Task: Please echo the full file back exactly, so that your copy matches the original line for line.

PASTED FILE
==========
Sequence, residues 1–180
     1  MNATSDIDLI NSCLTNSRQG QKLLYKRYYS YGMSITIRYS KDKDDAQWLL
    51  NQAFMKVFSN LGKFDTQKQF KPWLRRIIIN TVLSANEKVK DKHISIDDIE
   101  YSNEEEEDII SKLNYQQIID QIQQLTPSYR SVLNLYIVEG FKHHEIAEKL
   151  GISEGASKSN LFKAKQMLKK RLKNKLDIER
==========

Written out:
Sequence, residues 1–180
     1  MNATSDIDLI NSCLTNSRQG QKLLYKRYYS YGMSITIRYS KDKDDAQWLL
    51  NQAFMKVFSN LGKFDTQKQF KPWLRRIIIN TVLSANEKVK DKHISIDDIE
   101  YSNEEEEDII SKLNYQQIID QIQQLTPSYR SVLNLYIVEG FKHHEIAEKL
   151  GISEGASKSN LFKAKQMLKK RLKNKLDIER